Chocolate – Food of the Gods

Part 2 of Stress Awareness Month

As I mentioned in my last post April is stress awareness month. One thing that helps me deal with stress is chocolate. This is how I see it:

Chocolate is derived from cacao beans. Beans are a vegetable. Sugar is derived from either sugar CANE or sugar BEETS. Both are a plant, which places them in the vegetable category. Therefore, chocolate is a vegetable.

One of the ingredients added to chocolate during manufacturing is milk, thus making chocolate a dairy product too. You get a double serving of milk if you drink hot chocolate!!

Chocolate-covered raisins, cherries, orange slices and strawberries all count as fruit, so eat as many as you want.

Diet tip: Eat a chocolate bar before each meal. It’ll take the edge off your appetite, and you’ll eat less.  

If calories are an issue, store your chocolate on top of the fridge. Calories are afraid of heights, and they will jump out of the chocolate to protect themselves. (I’m testing this with other snack foods too.)

A balanced diet is eating equal amounts of dark chocolate and white chocolate.

 Chocolate has many preservatives. Preservatives make you look younger. Therefore, you need to eat more chocolate.

Put “eat chocolate” at the top of your list of things to do today. That way, at least you’ll get one thing done.

A nice box of chocolates can provide your total daily intake of calories in one place. Now, isn’t that handy?

Stressed” spelled backward is “desserts.” So, to reverse being “stressed” . . . EAT CHOCOLATE!!!

That’s my story and I’m sticking to it.

While the above is played for humor there is recent research that shows that dark chocolate (60% cacao or higher) in limited amounts (0.23 ounces) is not only good for you but is actually healthy for you.



(*small print – in limited amounts)

Chocolate has been described as more than a food and less than a drug.  Chocolate has been around for eons. The cocoa tree is native to South America and the Amazon River Basin.

The ancient Olemec, a pre-Columbian (1400BCE to 400 BCE) grew the beans as a domestic crop. But it was the Mayans (250-900 CE) who drank the bean in a bitter beverage and in religious ceremonies. They also harvested, fermented, roasted, and ground the seeds into a paste to mix into foods. In 1400 the Aztec’s traded with the Mayans and others for the cacao seeds. It was the Aztecs who considered chocolate a gift of the gods. It has been reported that Montezuma, the Aztec emperor, drank up to 50 goblets of chocolate per day.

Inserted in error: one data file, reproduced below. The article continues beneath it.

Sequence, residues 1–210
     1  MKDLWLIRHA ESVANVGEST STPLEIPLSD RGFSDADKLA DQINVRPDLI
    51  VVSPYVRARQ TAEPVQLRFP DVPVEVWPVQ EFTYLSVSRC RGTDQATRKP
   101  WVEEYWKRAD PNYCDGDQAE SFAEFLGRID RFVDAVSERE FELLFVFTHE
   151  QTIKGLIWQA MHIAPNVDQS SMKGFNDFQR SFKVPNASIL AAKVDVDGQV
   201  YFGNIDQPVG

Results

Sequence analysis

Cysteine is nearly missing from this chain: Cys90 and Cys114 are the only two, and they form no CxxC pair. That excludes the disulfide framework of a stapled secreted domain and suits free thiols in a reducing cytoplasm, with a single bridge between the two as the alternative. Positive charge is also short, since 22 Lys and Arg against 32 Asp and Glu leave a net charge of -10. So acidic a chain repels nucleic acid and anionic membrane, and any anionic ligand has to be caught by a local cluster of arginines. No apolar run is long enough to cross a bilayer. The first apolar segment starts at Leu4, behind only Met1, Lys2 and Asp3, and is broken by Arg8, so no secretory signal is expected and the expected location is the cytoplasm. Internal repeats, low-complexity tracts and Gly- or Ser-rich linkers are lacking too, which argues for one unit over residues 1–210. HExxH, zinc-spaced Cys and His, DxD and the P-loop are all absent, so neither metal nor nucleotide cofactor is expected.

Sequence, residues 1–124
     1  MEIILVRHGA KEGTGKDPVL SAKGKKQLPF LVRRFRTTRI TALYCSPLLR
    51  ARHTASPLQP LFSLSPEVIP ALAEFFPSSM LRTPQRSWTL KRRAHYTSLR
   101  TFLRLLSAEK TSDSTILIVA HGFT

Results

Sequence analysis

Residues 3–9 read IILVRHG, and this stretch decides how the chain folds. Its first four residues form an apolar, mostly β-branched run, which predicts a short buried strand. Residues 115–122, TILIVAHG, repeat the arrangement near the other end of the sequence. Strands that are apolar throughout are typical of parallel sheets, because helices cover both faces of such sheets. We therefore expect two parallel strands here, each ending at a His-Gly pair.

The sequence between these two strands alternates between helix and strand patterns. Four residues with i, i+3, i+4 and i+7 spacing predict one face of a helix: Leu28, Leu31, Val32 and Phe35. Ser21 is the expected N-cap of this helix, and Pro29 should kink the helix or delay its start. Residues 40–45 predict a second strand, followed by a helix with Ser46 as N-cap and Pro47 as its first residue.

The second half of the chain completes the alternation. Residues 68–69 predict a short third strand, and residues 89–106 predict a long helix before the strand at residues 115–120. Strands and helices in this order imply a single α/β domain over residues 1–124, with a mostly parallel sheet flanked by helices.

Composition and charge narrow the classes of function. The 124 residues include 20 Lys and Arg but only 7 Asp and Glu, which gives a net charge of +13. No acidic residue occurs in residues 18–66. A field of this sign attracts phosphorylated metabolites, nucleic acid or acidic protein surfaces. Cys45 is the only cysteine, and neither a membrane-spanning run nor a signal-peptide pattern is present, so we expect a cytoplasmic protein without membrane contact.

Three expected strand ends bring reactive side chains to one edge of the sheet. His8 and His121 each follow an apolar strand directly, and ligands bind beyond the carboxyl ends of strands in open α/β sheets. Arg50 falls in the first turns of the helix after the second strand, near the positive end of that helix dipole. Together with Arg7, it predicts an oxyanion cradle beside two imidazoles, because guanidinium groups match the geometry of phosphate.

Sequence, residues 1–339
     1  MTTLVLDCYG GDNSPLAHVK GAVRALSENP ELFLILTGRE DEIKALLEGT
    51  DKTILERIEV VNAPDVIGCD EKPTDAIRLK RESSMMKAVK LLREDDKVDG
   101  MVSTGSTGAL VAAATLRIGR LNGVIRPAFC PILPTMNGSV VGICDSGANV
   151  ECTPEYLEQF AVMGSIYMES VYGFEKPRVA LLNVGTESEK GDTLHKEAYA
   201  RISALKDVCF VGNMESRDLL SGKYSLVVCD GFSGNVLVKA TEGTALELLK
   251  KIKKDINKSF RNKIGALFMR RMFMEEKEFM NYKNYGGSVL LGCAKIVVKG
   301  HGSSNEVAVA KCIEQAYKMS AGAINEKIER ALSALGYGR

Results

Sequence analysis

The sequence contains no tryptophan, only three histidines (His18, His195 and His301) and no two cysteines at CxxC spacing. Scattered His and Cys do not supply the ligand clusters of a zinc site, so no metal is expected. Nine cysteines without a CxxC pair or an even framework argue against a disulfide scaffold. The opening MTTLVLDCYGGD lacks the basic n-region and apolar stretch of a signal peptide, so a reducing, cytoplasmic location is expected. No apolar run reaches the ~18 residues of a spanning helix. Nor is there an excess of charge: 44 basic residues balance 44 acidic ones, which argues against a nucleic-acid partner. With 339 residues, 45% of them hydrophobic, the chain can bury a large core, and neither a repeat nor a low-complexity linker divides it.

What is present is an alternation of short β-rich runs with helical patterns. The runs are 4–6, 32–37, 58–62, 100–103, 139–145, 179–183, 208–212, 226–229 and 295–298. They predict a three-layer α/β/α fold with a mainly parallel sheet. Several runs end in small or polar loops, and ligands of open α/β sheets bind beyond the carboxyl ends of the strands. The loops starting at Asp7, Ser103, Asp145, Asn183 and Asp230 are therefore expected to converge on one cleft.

But it was the Spanish who popularized chocolate in Europe after they conquered Mexico in 1521. It was also the Spanish who added sugar to chocolate to make it less bitter.

Chocolate is produced from the seeds of the cacao tree. But from flower to pod to seeds (called beans) to chocolate is a time and labor intensive process. Growing and harvesting the seeds or beans in the early stages is done totally by hand and on small farms not large plantations.


From the Cocoa Tree website, “According to the International Cocoa Organization, 2.5 million farmers produce almost 90 percent of the world’s cocoa on 5-10 acre holdings. Typically, cocoa is the family’s main source of cash. Cocoa provides important income for small farmers in developing economies all over the world.”

After the beans are hand picked, dried, and fermented they are shipped to factories to make the chocolates we all know and love so much.

If you are interested in how the entire process works accompanied by great pictures there is an excellent website that gives all the details. It would be a great resource for children who have to write a report for school: The Cocoa Tree, From Bean to Bar.


Dark chocolate is high in antioxidants, higher than even blueberries, red wine, green tea, and pomegranates.

Dark chocolate is rich in magnesium, copper, potassium, calcium, iron, phosphorus, and zinc.

36% of the fat in choclate is so called good fat as it comes from natural cocoa butter, and the saturated fat in chocolate has no harmful cholesterol.


According to Facts About Chocolate “…keep in mind that a strong dark chocolate bar might have ten to fifteen grams of sugar, which is still less than the 22 grams in your glass of orange juice, the 29 grams in your cup of yogurt, and the 34 grams in your glass of cran-grape juice, all of which are considered “good” for you.”


There is a growing body of intriguing research being done on the heath benefits of eating dark chocolate. Dark chocolate is considered to be no less than 60% cocoa or higher.